Friday, June 03, 2005

When Spinmeisters attack!

The Governor has sent a letter to the Attorney General, and is flooding the airwaves with rhetoric of conflict of interest. It is clear, to those of us who can look at this objectively, that all he is doing is trying to distract from his inability to lead towards common ground during the budget impasse. The Governor has all but given up, apparently, and now feels he will be further restricted by friction within the AG's office. But the reality is, that the concerns is baseless.

First, the AG represents the state, not the Governor, and to think that Mike Hatch would not ensure that the citizens are fully protected makes the Governor come across as ignorant. The PiPress lays it out nicely:
Pawlenty told reporters he raised the question because Hatch may have "divided loyalties that may put him in an awkward spot." Hatch has expressed interest in running for governor next year, but has not declared his candidacy.

The governor mentioned the issue in notifying Hatch that he plans to ask the state courts to give his administration power to keep the essential functions of government running and pay for them in the event he and the Legislature fail to finish passing a budget by June 30.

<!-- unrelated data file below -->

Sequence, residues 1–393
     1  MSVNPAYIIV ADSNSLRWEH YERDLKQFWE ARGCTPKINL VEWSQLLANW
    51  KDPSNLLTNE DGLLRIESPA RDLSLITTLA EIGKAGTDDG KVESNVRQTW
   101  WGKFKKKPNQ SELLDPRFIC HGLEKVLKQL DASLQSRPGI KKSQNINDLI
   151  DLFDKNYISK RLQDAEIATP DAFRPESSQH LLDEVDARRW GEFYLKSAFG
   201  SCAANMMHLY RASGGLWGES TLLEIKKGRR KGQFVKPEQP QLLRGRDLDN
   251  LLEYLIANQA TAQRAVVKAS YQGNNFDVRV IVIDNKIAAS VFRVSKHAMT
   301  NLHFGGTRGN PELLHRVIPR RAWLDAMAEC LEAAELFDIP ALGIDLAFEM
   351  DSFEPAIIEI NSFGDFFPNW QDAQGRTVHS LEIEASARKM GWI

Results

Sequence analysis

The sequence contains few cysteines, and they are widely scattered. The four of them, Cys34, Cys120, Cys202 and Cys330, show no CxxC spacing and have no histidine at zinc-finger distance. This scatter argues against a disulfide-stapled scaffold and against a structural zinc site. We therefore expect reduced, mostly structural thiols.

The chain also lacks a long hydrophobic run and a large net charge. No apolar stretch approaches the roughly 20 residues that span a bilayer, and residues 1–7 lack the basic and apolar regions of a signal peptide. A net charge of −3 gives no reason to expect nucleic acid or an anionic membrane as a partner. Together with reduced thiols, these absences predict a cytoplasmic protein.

A court order would avert a complete government shutdown when state appropriations expire at the end of the month.

Hatch said he was a "little bemused" by Pawlenty's inquiry because he had told the governor's chief of staff in the last two weeks that he was preparing a petition asking the court to keep the government's "core functions" — those protecting the life, health and safety of citizens — operating in case the Legislature and governor don't pass spending bills in time. He said he asked the administration to prepare a list of those essential services.
OK, fair enough, but do we have a recent precedent to add credibility to Hatch's claim:
That's what happened in 2001, when the Legislature and Gov. Jesse Ventura were on the verge of shutting down state government in a budget dispute.

On the day before the shutdown was to occur, a judge granted Hatch's request for an order requiring state agencies to continue performing essential services until a budget was passed. Ventura and the lawmakers then quickly agreed to a budget deal and avoided a shutdown.
It looks to me like Hatch has done his job before, and is doing it now in representing the best interests of the citizens of Minnesota. My advice to the Governor is he should start doing the same!


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